That afternoon in 1995 I first saw him while watching Manchester United play an English Premier League soccer match. The camera focused in on the team's substitute bench, and there sat this blond. "Who," I asked my brother, "is that?"
Nobody needs to ask who David Beckham is anymore. A year later, in 1996, he shot to fame in England for scoring a goal from the halfway line, sending a legendary ball past Wimbledon's goalkeeper into the net.
"Bending" the ball became Beckham's trademark, his picture went up on my wall, and he later became England's national team captain and the world's best-known, most expensive professional soccer player. Now he is a brand, along with wife Victoria, aka Posh Spice. And he has arrived in America after signing a $250 million contract to play for Major League Soccer side L.A. Galaxy.
I was, perhaps, part of an early wave of Beckham fans. Now there's full-blown Beckhamania-and it is seizing America. Sales of Galaxy merchandise (mostly Beckham jerseys) have risen 700 percent; league-wide it is 300 percent since Beckham joined Galaxy. After weeks of anguished waiting for Beckham's injured ankle to improve, U.S. fans finally saw his 20-minute MLS debut (and Galaxy loss) against DC United Aug. 9.
With all the hype, the tension at RFK stadium hung as thick as August's glutinous heat. United's sold-out game was the fourth-largest for an MLS match at RFK, packed with almost 47,000 fans. D.C.'s metro ran the extra buses and trains it usually reserves for Wizards and Nationals games. Scalpers plied coveted tickets on Craigslist and at stadium gates.
Yianna Sideris, 20, wore a homemade jersey. With glitter ink she had written "Yianna (Heart) Beckham." He saw it and smiled, too, she said-when he began warming up in the second half 5 feet away from her section.
After the game, she waited with other fans for Beckham to walk out of Galaxy's locker room. "Has he left?" she asked, shooting nervous glances down the hall. "I'm a DC United fan, but today I switched to Galaxy," she confessed.
Beckham is the latest in a distinguished line of international soccer stars out to finally, utterly, make soccer a bonafide American spectator sport. In the 1970s, Brazilian Pelé and West German Franz Beckenbauer graced the New York Cosmos for the North American Soccer League, also drawing sellout crowds. Then the NASL folded in 1984. Soccer receded and now attracts viewers only to big events like the World Cup.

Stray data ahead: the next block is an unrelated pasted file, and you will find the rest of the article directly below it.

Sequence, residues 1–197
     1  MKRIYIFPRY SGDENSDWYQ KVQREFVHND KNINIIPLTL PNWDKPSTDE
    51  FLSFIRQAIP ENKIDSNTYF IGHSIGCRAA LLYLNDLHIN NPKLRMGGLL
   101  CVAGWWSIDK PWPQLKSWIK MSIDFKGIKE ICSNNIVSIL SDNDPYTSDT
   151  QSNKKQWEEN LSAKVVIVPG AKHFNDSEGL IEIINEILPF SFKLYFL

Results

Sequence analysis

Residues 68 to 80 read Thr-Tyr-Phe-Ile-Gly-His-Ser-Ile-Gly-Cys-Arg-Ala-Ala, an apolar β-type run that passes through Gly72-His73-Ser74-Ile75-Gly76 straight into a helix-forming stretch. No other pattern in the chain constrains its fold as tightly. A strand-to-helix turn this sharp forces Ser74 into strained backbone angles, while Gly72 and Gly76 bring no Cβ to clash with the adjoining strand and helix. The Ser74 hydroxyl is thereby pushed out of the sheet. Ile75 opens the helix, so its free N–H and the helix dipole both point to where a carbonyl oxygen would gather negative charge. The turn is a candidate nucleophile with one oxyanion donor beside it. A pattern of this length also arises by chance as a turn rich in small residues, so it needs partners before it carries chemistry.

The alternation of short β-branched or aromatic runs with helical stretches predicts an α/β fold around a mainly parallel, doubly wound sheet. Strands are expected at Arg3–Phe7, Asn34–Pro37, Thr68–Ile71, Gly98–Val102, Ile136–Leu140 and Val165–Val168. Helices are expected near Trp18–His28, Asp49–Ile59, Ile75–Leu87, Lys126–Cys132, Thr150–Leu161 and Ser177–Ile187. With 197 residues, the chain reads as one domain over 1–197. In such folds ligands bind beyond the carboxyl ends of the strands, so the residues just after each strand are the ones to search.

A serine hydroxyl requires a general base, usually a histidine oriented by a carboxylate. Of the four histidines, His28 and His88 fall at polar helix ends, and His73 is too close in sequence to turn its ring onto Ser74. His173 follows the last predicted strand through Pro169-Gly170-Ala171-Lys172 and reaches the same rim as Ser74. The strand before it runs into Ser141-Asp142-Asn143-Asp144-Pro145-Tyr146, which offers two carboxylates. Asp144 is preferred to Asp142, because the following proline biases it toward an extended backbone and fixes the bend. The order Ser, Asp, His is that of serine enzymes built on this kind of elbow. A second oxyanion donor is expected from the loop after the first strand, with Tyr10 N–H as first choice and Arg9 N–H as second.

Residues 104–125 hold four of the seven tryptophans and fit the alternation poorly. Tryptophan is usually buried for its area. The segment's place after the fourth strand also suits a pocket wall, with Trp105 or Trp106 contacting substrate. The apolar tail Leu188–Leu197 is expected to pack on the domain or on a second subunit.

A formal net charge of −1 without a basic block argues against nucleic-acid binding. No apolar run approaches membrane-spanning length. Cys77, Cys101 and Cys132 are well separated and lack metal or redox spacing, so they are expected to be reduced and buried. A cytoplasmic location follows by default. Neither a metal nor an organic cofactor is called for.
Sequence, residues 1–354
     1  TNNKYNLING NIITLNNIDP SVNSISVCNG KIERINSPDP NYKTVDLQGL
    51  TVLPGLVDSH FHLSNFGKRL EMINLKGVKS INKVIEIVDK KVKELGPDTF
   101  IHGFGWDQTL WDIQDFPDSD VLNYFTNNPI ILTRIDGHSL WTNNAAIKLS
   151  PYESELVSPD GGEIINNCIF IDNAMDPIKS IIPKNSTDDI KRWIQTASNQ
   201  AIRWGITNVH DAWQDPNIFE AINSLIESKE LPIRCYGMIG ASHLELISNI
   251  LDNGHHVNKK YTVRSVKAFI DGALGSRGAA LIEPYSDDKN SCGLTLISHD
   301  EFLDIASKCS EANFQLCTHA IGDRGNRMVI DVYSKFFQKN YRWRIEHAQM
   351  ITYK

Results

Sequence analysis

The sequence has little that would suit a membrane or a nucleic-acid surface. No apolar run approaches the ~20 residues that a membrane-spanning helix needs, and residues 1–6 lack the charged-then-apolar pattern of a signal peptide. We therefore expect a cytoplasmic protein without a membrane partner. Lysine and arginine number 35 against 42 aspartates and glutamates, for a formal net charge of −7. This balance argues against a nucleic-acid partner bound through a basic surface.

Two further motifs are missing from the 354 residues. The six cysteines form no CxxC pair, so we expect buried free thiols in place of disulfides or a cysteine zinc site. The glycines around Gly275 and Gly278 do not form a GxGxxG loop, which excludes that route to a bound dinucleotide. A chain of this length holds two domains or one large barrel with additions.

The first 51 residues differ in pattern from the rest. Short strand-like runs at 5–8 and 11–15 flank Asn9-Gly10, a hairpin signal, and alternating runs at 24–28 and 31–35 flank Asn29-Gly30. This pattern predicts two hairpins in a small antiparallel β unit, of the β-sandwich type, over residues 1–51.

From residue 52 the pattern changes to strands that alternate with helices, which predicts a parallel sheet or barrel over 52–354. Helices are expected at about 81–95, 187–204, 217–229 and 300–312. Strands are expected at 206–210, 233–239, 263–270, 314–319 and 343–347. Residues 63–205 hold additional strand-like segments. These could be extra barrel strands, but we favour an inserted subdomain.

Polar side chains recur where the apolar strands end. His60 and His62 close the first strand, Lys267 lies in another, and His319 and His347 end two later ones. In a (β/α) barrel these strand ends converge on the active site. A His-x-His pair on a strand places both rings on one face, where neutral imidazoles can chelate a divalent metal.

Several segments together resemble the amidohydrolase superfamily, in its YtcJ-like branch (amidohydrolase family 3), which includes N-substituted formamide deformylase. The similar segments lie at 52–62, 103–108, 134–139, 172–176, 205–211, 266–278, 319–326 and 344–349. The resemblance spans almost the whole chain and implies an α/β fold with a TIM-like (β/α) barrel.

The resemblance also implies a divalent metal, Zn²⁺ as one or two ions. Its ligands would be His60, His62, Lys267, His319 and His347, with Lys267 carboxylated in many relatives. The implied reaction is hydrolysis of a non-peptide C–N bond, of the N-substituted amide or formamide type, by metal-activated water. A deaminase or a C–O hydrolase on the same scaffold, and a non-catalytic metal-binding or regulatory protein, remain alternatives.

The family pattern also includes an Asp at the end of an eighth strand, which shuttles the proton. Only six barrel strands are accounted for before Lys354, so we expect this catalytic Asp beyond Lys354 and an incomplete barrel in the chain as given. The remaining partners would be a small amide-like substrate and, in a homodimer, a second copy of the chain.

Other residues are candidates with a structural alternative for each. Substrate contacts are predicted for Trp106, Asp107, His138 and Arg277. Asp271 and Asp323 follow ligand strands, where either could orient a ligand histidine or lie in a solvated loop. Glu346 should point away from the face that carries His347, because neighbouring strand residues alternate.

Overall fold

So can Beckham save American soccer? "I don't know, does American soccer need saving?" asked Scott Ludwig, a Beckham-shirted fan who drove down from York, Pa., to see the United-Galaxy game.
Ludwig is right in some ways: Soccer has become more popular over the years, with many American kids playing it. And the 11-year-old MLS is now the 12th-most-attended top division in the world. Ludwig thought Beckham would boost U.S. soccer and attract more big names, but added: "I watch more (English) Premier League than I do MLS."
Therein lies the rub: Fans know and players know that the MLS still cannot match the entertainment Europe's top-flight leagues give. So does Beckham: "Everybody knows that the standard is different, it's slightly lower than other places in the world," he said after the Galaxy-United game. "We're hoping to make this sport bigger and better here. There's still a way to go, of course, but we're on the right track."
To win converts, Beckham will have to make a habit of calling the game "soccer" instead of "football." Avoiding cultural gaffes might also help: He apologized after criticizing MLS teams that use artificial turf in their stadiums instead of grass. "I didn't realize FieldTurf was actually a company," he said sheepishly.
Unlike Pelé, who came to the United States after retiring, Beckham is not washed up. Though past his peak at 32, he remains a top athlete bent on beautifying soccer's last frontier. If he succeeds at that, he truly will be a legend.